UMAIR IRFAN: So roughly between one in five and one in six children in the US are classified as obese, and that’s considered being in the 95th percentile or above for their body mass index given their age and sex. The US Preventative Services Task Force– this is an independent body of experts that analyzes research and advises the government– they’re now recommending that intensive behavioral intervention should be used for kids who are six years of age and older.

Basically, the idea is that kids should be receiving things like counseling, education, and supervised exercise as a way to deal with obesity. And they found that the evidence shows that this does bear out, that basically roughly around 26 hours of counseling and supervision leads to measurable and sustained weight loss.

KATHLEEN DAVIS: So before this, was there any sort of counseling intervention being done?

UMAIR IRFAN: There was on an ad hoc basis, but it was not a recommendation. This group basically was looking at what the evidence shows of what actually works. Now, they say that there is actually a body of evidence that shows that counseling can be very effective for children.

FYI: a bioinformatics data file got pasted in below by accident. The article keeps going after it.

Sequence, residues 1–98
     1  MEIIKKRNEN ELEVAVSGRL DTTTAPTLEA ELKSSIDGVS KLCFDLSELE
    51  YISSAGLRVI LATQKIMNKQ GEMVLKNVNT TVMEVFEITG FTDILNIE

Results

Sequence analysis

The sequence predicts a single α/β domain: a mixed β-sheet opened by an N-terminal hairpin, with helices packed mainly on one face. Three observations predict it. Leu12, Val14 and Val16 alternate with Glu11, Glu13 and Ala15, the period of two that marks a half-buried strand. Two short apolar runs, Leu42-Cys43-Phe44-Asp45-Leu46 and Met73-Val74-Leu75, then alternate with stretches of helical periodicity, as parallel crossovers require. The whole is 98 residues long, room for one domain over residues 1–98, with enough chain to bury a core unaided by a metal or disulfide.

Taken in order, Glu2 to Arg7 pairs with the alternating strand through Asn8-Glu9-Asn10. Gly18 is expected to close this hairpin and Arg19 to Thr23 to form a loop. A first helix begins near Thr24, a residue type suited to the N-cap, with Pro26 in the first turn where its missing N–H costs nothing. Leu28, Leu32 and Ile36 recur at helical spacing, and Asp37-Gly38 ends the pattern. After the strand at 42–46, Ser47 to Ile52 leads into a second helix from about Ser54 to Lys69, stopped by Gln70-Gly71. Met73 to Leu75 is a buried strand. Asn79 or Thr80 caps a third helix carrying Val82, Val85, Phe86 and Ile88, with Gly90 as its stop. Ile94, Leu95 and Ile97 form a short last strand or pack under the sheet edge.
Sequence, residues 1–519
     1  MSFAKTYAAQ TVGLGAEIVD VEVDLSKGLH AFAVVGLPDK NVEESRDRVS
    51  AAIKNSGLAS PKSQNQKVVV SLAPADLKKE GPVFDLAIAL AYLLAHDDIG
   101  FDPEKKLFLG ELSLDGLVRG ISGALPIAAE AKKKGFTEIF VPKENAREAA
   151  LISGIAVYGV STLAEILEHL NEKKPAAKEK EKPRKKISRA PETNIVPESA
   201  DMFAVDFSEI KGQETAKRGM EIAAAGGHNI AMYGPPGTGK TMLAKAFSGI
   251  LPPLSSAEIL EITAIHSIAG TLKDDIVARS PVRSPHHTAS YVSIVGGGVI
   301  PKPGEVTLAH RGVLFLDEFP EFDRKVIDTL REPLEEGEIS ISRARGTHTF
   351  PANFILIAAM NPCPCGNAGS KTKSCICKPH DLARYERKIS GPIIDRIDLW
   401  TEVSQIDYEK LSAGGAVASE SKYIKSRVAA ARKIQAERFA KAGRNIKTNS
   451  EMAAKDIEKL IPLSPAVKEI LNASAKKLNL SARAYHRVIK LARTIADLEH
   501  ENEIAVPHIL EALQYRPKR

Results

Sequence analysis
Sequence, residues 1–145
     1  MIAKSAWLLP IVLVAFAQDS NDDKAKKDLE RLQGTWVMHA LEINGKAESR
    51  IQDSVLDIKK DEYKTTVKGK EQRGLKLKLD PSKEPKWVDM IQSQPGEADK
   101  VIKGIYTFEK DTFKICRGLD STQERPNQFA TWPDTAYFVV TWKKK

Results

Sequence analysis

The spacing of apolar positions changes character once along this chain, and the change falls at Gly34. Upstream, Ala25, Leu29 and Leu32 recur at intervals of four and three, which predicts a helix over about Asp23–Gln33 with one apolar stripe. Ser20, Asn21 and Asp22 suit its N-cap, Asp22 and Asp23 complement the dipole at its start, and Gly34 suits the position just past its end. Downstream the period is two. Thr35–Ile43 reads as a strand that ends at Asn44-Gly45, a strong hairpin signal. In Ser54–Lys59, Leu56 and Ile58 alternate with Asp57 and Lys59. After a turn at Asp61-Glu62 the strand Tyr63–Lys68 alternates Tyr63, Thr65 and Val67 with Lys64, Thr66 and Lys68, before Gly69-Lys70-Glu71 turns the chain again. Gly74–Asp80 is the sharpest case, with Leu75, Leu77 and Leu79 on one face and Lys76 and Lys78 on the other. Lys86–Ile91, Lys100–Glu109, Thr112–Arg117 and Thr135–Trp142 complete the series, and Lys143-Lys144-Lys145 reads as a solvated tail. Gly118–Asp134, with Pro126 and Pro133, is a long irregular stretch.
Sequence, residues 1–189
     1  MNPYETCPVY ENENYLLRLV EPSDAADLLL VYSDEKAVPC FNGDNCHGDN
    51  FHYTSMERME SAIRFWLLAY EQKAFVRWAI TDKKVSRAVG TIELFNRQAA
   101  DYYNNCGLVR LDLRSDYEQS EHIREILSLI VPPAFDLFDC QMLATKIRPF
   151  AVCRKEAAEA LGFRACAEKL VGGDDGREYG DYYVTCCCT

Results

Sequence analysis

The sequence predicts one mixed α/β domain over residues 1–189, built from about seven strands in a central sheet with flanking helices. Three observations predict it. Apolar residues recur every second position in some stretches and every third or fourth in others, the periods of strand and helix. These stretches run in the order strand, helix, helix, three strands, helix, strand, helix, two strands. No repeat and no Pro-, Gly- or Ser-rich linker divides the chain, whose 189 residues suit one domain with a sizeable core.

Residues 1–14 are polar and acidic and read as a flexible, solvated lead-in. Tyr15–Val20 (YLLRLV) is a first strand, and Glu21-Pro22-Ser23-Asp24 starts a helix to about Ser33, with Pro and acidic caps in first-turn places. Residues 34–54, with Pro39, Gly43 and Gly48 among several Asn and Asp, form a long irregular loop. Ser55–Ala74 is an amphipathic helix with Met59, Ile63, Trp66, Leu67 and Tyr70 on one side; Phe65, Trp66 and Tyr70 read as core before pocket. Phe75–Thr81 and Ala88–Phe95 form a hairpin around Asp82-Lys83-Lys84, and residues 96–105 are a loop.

KATHLEEN DAVIS: And this sounds like this would be a lot less invasive than maybe some of these weight loss drugs that are being used in adults, right?

UMAIR IRFAN: Right. And that is part of the advantage here as well. The task force says that they did look into using these GLP-1 agonists like Ozempic and their effects on children, but said that the evidence wasn’t quite there yet, and there isn’t enough research to issue any kind of recommendation one way or another. But counseling seems to be a very low stakes way of creating some meaningful gains here and now. That’s why it’s the new default.